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API Testing in the Production Environment

Tamir Hyman
By Tamir Hyman
5 min read
API Observability
API Testing in the Production Environment

Testing in a development environment is great. You can control your entire environment, ensuring all your APIs are connecting as designed. In the development environment, you can catch bugs and prevent errors from reaching production code. In a perfect world, the development environment enables developers to prevent glitches from creeping up when actual users start using the application. 

The problem with testing in a controlled environment, though, is that it doesn’t assure stable performance once the application is released into the real world. Users may have a different approach to using an application than developers intended and the demands placed on a system can change when it goes into production.

For successful API testing, it isn’t enough to spend time in a controlled testing environment. You need to take the software out for a spin in an uncontrolled production environment to ensure it will meet the performance and functionality demands of its users. 

Testing in Production

Testing in production means your application is being tested on live user traffic rather than in a staging area. At the end of the day, passing production tests are much more important than passing tests in the development environment. Users don’t really care if the application works in a controlled environment; they want to be sure that the software works when they use it. 

developer working

Production testing offers real-time performance monitoring of your APIs, with user traffic and application data in flux. It enables developers to get a clear view of API performance to resolve potential issues. 

Developers also get a better view of bugs, which may have been hidden in the development environment. Moving to a live production environment helps uncover bugs that may interfere with API performance. 

Testing in production helps developers deal with system anomalies more effectively. It helps them improve the user experience, protect the brand’s reputation, and generates more revenue, as the software is more resilient and less prone to crashes. 

Challenges of Testing in Production

There are a number of different challenges facing developers in a production environment. One of the bigger issues is the need to test with production data to trigger some of the bizarre edge cases that come up once software goes live. 

While some edge cases are minor and may only impact a small user group, such as iPhone users who are using a Google Chrome browser, other edge cases can cause the system to crash or distort data.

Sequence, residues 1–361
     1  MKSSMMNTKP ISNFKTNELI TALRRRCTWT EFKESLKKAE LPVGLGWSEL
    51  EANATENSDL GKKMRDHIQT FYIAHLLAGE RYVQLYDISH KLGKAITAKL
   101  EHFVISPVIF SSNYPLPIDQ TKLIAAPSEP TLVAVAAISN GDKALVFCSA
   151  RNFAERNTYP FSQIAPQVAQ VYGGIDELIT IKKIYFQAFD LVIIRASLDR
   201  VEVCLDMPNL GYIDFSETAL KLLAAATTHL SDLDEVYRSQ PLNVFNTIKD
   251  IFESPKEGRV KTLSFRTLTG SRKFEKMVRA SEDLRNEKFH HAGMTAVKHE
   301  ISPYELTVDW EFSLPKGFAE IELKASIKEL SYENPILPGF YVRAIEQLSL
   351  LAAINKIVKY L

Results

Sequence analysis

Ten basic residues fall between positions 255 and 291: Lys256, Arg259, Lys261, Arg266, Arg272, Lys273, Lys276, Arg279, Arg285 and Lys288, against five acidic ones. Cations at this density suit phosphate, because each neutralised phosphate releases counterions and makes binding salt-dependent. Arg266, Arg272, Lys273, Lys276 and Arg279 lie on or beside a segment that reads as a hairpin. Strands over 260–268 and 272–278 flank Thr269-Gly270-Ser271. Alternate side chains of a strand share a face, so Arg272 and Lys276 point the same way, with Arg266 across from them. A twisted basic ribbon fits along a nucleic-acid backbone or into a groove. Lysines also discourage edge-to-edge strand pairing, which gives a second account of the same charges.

In addition, it’s important that developers include regression testing as part of their production environment testing. This ensures that APIs work before any type of adjustment and continue to work after an unrelated fix has been made.   

Types of API Production Testing  

API testing

There are a number of different types of API tests you should  run in production. 

API Baseline Testing

Baseline testing sees how your APIs perform and develops a baseline for future tests and discerns how it compares against any service level agreements you have. The test should help demonstrate the normal response for your API and can be used to set up the assertion for other tests.  

API Regression Testing

As bugs are fixed and software continues to be adjusted, it is important to run API regression tests. These tests are performed to ensure that other changes didn’t lead to unintended consequences and the APIs are still functioning as designed. It helps manage the risk in development.  

API Monitoring Testing

Monitoring tests provide development teams with feedback on how well the API testing is going. It helps to confirm that APIs are performing as expected. 

API Reliability Testing

Reliability testing measures whether your API is producing consistent results, in addition to showing whether the connection between platforms are constant.

API Contract Testing

Contract testing checks to ensure that services, such as APIs, are integrated correctly and are able to communicate with each other. 

API Positive and Negative Testing

Positive API tests are those where the software receives valid inputs through the API and checks whether the API works correctly. Negative API tests, on the other hand, test how the system performs when given invalid inputs. For example, if you had a field that required a 10-digit telephone number, a positive test would enter a 10-digit number to see how the system reacted, while negative tests would see what happens when a user enters fewer or more numbers into the field, or tries to enter alphabet characters.

Testing in Production: Part of any Modern Quality Strategy

Today's developers are turning more and more toward production environment testing, and it is vital to include API tests during that stage. Production testing helps detect problems in scenarios that are difficult to replicate in a production environment. The natural usage patterns that take place when software is live needs to be measured and evaluated. It can also help create a more effective disaster recovery process as test results can highlight issues that the software is dealing with. 

With Seekret, you can gain observability into production and really learn the ins-and-outs of your APIs. Testing APIs in production environments is part and parcel of any production testing and can go a long way to ensure that your applications and other software create an outstanding user experience. 

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